Water Hardness & Your Dishwasher

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Water Hardness & Your Dishwasher

If you've recently moved to Coffs Harbour or just purchased a new dishwasher - particularly a European brand machine - you've probably come here looking for answers to a couple of very common questions:

1. What is the hardness of the water in Coffs Harbour? 

and/or

2. Do I need to add salts, etc to my dishwasher?

Basically, the answers are:

 1. We have very soft water in Coffs Harbour, so you should use the setting for softest water possible on your dishwasher; 

and/or

2. No, you do not need to add salts or any other softening agents to your dishwasher.

What is Water Hardness?

Hardness of water describes the level of dissolved calcium and magnesium mineral salts in the water – the higher the mineral content, the harder the water. Calcium and magnesium minerals occur naturally in drinking water because they are present in the rocks and soils of drinking water catchments - the environment from which the raw water to supply drinking water is sourced. In areas where the rocks and soils are naturally high in calcium and magnesium minerals, the drinking water will be "hard". The rocks and soils in the Orara and Nymboida River catchments supplying drinking water to Coffs Harbour are naturally low in minerals; therefore we have "soft" water. Rainwater in a rainwater tank is also soft as it has not been in contact with any rocks and soil and does not contain many minerals.

A quick way to know if you have “hard” water is to test how soap lathers into foam and bubbles - you will find the lathering process quick and easy in soft water and more difficult in hard water.

Another indication of hard water is the build up of lime scale on water fixtures – particularly those that use hot water, such as kettles, hot water systems and dishwashers. Heating causes the minerals present in water to drop out and form scale deposits, so in hard water areas with high levels of minerals scaling can be significant. This scaling problem is why the manufacturer of your dishwasher is asking you to be aware of the hardness of your water supply – in hard water areas, adding conditioning agents may be required to “soften” the water to avoid scale build up inside the dishwasher which could potentially have adverse effects on dishwasher operation and maintenance. Luckily, this is not something you really have to worry about with Coffs Harbours' naturally soft water.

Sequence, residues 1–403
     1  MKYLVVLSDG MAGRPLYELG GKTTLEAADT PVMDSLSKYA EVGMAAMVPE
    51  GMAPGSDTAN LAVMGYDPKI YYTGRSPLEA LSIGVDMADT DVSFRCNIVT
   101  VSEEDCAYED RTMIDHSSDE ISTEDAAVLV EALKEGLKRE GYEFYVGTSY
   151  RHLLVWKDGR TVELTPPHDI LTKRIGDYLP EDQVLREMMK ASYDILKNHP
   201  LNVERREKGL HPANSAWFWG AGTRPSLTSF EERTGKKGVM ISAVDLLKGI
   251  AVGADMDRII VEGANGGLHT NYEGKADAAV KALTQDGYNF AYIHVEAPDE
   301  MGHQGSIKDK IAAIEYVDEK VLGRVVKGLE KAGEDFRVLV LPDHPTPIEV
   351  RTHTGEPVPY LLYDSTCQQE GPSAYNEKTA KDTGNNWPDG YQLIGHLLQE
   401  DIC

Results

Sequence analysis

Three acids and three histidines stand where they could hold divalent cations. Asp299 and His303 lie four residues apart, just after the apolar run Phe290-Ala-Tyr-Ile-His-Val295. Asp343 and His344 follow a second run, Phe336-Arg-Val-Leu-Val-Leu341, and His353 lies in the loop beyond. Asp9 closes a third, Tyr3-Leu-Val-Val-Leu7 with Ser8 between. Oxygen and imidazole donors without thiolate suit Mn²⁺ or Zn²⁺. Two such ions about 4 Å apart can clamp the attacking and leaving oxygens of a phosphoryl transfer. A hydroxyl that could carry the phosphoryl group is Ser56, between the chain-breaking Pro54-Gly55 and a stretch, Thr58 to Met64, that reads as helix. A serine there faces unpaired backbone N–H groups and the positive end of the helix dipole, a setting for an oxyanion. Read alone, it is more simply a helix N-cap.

Measuring Water Hardness

In Australia, the concentration of Calcium Carbonate (CaCO3) is measured to ascertain the water hardness, which is expressed in mg/L.  The Australian Drinking Water Guidelines 2011 state that water with a CaCo3 level of:

  • less than 60 mg/L is soft but possibly corrosive 
  • 60-200 mg/L is good quality
  • 200-500 mg/L causes increasing scaling problems
  • greater than 500 mg/L causes severe scaling 

Coffs Harbour Water provides public updates on the quality of our drinking water - including water hardness in mg/L - on a monthly basis.

Different countries around the world use several different units of measurement in relation to water hardness so if your dishwasher is made in/for another country, the operating instructions could ask for your local water hardness in one of these formats:

  • millimoles per litre (mmol/L)
  • parts per million (ppm)
  • degree of General Hardness (dGH)
  • deutsche Harte or German degree (⁰dH)
  • grains per Gallon (gpg) – American
  • english degree (⁰e)
  • french degree (⁰f)

Rather than converting our mg/L result into whichever of the various formats listed above is required by your dishwasher (you can research how to do this on the internet if you would like), Coffs Harbour Water advises all residents to set dishwashers for the softest water possible. For most dishwasher programming, knowing that you do not need to add any salts or other conditioning agents will be adequate.

For further information regarding water hardness, please contact Coffs Harbour City Council on 02 6648 4000.​​​